6) Book study to address complex emotional landscape of family systems in churches

By Jen Jensen

“And looking at those who sat around him, he said, ‘Here are my mother and my brothers! Whoever does the will of God is my brother and sister and mother’” (Mark 3:34-35).

Jesus radically reorients our perspective on family by reframing the Christian family as those who do the will of God. Yet as the church we continue to exhibit all the faults and foibles of human families. Learning how to navigate the dynamic landscape of family systems as they apply to the Christian community can help church leaders engage with more compassion and understanding.

Part-Time Pastor; Full-Time Church is hosting a 10-week discussion centered on the book How Your 21st Century Church Family Works by Peter Steinke. Based on Family Systems Theory pioneered by Murray Bowen and further developed and applied in the religious context by Edwin Friedman, Steinke discusses emotional systems, anxiety, generational transfer, and the forces that draw us together and keep us apart.

Learning to navigate the complex emotional landscape of our church families can contribute to a more vital and healthy pastoral ministry. The discussion will be facilitated by John Fillmore, a “circuit rider” with Part-Time Pastor; Full-Time Church. Continuing education credit will be available for participants and books are provided to participants. Registration is required and group size is limited so sign up soon!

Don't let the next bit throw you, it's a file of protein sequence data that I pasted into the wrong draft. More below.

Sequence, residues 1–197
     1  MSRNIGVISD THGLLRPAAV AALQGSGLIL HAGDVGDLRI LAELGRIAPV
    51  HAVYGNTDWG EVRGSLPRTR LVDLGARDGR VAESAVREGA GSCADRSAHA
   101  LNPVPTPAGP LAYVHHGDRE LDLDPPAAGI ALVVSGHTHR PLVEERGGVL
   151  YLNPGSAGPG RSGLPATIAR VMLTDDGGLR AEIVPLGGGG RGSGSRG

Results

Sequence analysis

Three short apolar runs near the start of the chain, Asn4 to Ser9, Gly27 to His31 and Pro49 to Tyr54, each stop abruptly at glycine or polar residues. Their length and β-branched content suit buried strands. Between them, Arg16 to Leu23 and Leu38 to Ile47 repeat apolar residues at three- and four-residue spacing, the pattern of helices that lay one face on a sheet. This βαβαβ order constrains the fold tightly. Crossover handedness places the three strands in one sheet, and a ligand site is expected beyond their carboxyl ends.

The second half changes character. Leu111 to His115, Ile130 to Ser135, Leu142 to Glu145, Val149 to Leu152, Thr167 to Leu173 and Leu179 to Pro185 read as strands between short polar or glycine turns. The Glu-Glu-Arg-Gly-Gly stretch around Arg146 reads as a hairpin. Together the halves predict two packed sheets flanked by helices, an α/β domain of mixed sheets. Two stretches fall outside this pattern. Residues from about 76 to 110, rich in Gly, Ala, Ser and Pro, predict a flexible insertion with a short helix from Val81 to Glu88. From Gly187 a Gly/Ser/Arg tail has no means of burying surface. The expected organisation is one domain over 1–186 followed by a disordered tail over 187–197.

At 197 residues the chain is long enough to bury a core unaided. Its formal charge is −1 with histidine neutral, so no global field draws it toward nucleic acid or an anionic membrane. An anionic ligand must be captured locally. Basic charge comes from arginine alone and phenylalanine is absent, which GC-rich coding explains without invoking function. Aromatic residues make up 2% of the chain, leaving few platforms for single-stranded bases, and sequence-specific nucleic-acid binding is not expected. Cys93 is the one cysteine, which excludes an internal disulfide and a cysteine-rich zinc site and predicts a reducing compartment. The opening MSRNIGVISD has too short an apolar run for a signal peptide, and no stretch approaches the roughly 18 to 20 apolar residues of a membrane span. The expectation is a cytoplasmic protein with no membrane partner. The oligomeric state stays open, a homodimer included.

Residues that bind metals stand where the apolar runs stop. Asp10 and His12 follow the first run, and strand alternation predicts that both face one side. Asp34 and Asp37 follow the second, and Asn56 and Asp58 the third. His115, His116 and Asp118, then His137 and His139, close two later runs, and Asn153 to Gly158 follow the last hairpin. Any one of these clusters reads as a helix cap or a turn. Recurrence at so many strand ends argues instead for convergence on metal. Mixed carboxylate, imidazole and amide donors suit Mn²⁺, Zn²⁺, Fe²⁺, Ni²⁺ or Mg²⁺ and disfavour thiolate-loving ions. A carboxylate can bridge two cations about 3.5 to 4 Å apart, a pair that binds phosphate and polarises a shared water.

Sessions will be at 7 p.m. (Eastern time) on Tuesdays beginning on June 14 through Aug. 23, not meeting the week of Annual Conference. Please contact with questions. Register at

— Jen Jensen is program manager for Part-Time Pastor; Full-Time Church, a program of the Church of the Brethren’s Office of Ministry. Find out more at


7) Mechanicsburg is part of a three-church team welcoming an Afghan refugee family

When Afghanistan fell to the Taliban in August 2021, Mechanicsburg (Pa.) Church of the Brethren member Sherri Kimmel worried about the family of a student she’d met through her work at Bucknell University. Her efforts to help that family led her to Church World Service (CWS), one of nine national organizations working with the US government to resettle the 76,000 Afghans lucky enough to reach the United States. Although the exiles did not include the student’s family, Kimmel wanted to aid other Afghans in building new lives in America.

Another Bucknell connection, professor Brantley Gasaway–an Anabaptist neighbor–helped Kimmel forge a partnership between his church, Grantham Brethren in Christ, and hers.